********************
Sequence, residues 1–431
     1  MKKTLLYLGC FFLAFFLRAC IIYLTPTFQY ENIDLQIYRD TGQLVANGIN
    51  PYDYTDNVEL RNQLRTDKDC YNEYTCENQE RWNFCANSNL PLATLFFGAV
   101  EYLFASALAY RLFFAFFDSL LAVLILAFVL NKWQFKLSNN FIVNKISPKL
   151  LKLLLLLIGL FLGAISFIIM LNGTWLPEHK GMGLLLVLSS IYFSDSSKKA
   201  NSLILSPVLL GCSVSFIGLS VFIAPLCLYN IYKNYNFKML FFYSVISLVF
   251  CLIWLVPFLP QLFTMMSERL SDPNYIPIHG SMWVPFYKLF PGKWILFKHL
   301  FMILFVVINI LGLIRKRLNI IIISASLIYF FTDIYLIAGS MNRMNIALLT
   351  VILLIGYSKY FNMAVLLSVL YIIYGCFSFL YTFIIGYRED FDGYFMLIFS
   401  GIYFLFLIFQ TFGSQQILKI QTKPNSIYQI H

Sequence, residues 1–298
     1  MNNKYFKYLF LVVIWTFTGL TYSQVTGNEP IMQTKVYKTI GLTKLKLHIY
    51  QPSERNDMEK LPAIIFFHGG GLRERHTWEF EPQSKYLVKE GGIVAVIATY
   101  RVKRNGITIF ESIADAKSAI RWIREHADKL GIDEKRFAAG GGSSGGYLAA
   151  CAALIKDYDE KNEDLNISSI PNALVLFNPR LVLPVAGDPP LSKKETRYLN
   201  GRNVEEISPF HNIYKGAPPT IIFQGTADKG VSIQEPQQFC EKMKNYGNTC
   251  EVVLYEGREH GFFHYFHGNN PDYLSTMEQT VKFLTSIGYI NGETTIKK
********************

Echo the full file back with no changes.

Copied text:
Sequence, residues 1–431
     1  MKKTLLYLGC FFLAFFLRAC IIYLTPTFQY ENIDLQIYRD TGQLVANGIN
    51  PYDYTDNVEL RNQLRTDKDC YNEYTCENQE RWNFCANSNL PLATLFFGAV
   101  EYLFASALAY RLFFAFFDSL LAVLILAFVL NKWQFKLSNN FIVNKISPKL
   151  LKLLLLLIGL FLGAISFIIM LNGTWLPEHK GMGLLLVLSS IYFSDSSKKA
   201  NSLILSPVLL GCSVSFIGLS VFIAPLCLYN IYKNYNFKML FFYSVISLVF
   251  CLIWLVPFLP QLFTMMSERL SDPNYIPIHG SMWVPFYKLF PGKWILFKHL
   301  FMILFVVINI LGLIRKRLNI IIISASLIYF FTDIYLIAGS MNRMNIALLT
   351  VILLIGYSKY FNMAVLLSVL YIIYGCFSFL YTFIIGYRED FDGYFMLIFS
   401  GIYFLFLIFQ TFGSQQILKI QTKPNSIYQI H

Sequence, residues 1–298
     1  MNNKYFKYLF LVVIWTFTGL TYSQVTGNEP IMQTKVYKTI GLTKLKLHIY
    51  QPSERNDMEK LPAIIFFHGG GLRERHTWEF EPQSKYLVKE GGIVAVIATY
   101  RVKRNGITIF ESIADAKSAI RWIREHADKL GIDEKRFAAG GGSSGGYLAA
   151  CAALIKDYDE KNEDLNISSI PNALVLFNPR LVLPVAGDPP LSKKETRYLN
   201  GRNVEEISPF HNIYKGAPPT IIFQGTADKG VSIQEPQQFC EKMKNYGNTC
   251  EVVLYEGREH GFFHYFHGNN PDYLSTMEQT VKFLTSIGYI NGETTIKK